I came across a great blog entry “Books that should exist” by Daniel Ehrenberg, a well-known Factor hacker, today where he writes:
I, like many of you reading this blog, have an unhealthy interest in programming languages. Mine may be a little more unhealthy than yours. Whenever I hear the name of a programming language that I don’t know of, I immediately need to read about it, to get some basic knowledge of its history, syntax, semantics and innovations.
Most study of programming languages works by examining the properties of the languages themselves: how functional programming languages are different from imperative object-oriented languages and logic languages and the like. But what about a historical perspective? The history of programming languages is useful for the same reason other kinds of historical inquiry are useful. When we know about the past, we know more about the way things are in the present, and we can better tell what will happen in the future. The history of programming languages could tell us what makes things popular and what makes things ultimately useful.
Unfortunately, not much has been done on this. Knowledge of programming language history is passed on, unsourced, with as much verifiability as folk legend. The ACM has held three conferences called HOPL on this subject over the past 30 years, so all the source material is there. But apart from a book published in 1969, this is all I can find as far as a survey history of programming languages goes.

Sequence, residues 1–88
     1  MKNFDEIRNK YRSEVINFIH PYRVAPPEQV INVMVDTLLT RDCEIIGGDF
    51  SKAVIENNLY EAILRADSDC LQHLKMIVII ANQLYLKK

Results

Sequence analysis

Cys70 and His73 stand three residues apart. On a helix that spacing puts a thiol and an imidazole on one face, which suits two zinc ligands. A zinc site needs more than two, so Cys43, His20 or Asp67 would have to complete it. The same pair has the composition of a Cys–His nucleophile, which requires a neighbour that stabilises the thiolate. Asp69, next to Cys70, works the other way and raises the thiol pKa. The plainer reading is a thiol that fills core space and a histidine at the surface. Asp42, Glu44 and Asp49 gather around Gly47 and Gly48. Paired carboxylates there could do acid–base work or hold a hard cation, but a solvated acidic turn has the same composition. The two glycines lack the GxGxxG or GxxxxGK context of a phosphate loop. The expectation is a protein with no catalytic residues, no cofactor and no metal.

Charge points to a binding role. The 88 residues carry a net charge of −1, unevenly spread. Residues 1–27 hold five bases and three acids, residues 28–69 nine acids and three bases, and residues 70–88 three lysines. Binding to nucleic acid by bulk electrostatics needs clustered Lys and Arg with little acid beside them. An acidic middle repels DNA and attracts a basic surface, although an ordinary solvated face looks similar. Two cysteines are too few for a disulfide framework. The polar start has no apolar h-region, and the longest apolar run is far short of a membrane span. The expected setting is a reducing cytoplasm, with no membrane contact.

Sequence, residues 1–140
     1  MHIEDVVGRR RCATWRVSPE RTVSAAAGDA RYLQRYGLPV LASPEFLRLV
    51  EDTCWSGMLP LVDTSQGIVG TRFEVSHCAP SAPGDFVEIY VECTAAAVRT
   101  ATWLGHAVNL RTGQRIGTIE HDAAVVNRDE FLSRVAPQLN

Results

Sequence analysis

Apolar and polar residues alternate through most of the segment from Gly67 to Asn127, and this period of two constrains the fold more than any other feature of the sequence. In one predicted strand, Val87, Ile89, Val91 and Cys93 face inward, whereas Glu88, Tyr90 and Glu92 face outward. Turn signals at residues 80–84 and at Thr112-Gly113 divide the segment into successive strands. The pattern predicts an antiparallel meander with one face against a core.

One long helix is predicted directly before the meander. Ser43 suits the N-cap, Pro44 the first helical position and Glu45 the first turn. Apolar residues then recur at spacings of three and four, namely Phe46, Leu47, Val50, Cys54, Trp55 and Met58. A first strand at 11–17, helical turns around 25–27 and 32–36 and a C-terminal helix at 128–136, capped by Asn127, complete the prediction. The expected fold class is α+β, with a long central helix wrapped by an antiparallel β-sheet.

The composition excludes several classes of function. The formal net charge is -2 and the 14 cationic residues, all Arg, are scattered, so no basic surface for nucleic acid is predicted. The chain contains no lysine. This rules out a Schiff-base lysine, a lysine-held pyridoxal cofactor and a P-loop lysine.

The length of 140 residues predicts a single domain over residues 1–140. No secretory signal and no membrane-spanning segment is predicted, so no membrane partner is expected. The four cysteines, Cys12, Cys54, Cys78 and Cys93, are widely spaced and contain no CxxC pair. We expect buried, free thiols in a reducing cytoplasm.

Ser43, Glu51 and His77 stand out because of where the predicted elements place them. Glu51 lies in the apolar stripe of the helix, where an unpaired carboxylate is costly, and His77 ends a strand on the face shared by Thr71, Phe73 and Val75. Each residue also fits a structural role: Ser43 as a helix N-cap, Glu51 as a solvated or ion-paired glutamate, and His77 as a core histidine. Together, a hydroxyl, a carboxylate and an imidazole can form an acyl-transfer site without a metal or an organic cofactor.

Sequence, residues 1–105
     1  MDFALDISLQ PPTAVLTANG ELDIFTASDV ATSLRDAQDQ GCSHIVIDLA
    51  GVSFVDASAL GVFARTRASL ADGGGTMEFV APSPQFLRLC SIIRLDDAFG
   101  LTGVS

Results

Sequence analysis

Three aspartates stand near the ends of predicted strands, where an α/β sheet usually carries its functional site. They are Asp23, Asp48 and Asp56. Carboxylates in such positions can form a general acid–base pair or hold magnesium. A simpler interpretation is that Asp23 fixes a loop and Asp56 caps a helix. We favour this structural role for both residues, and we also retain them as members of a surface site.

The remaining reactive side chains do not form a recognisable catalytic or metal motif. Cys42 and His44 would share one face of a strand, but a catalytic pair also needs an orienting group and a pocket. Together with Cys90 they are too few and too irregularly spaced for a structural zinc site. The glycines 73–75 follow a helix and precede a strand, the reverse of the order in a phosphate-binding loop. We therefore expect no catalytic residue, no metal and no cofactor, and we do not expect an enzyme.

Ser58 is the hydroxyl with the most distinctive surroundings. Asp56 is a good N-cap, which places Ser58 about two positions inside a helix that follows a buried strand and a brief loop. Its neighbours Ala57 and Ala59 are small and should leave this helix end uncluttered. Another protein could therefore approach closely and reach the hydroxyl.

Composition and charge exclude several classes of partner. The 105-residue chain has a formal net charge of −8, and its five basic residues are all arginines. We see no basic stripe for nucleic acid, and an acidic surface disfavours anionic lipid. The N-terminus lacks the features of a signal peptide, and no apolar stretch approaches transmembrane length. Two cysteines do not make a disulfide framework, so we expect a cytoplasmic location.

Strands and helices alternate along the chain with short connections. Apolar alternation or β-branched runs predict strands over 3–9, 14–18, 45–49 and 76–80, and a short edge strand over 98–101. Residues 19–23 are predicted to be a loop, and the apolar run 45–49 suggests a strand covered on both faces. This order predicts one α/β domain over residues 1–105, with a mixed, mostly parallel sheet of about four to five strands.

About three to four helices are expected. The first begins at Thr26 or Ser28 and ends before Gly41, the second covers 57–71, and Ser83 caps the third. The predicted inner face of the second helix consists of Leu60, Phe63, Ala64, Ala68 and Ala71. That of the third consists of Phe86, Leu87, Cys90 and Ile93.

There is a limit to how much academic research papers can provide. The proceedings of the HOPL conferences aren’t bedtime reading, and they don’t provide much by way of a strong narrative. A new book could present the whole history of programming from the first writings about algorithms to modern scripting languages and functional programming languages so it’s both accessible to non-programmers and interesting to programmers. As far as I know, no one’s really tried. But it would be really fun to try.
I think this is a great idea!
I would love to read such a book. I would even love to contribute to such a book!
Wow! Such a book would be total bliss, a holy book, metaphorically speaking.
Coming to think of it – it’s a huge task. To promote openness, an official wiki dedicated to programming could be made. Every year, hard copies of the entire wiki could be published – bring money to the site, publisher, etc.
It’s just an idea. But I’m drooling @ the thought of such a book or series of books being sold.
Daniel Ehrenberg says
Hi, I just found your blog. It’s a little weird to be quoted and referenced as “a well-known Factor hacker.” Anyway, would you actually want to collaborate on a book like this? Maybe I should get a wiki set up somewhere so many people can contribute. It’d be a big undertaking, but it’d be really interesting, I think.
I would be delighted to contribute to such a book. I have ample space on my own server and can easily setup a wiki if you want.
I’m sure we can have a lot of fun trying to write that “book”.
Nithin Bekal says
Did this idea ever get off the ground? The idea of a book about the history of programming languages is awesome. I”d love to read a book like that.
No. And this is a pity because I believe this “book” would be very useful. I wonder if I should not attempt to make that a collaborative book? I wonder what platform would be good for that? Mediawiki?
Nithin Bekal says
Mediawiki sounds great for something like this… most people would already be familiar with contributing to MediaWiki powered sites. It would be awesome if you started this as a collaborative project. I’m waiting to see this happen. :)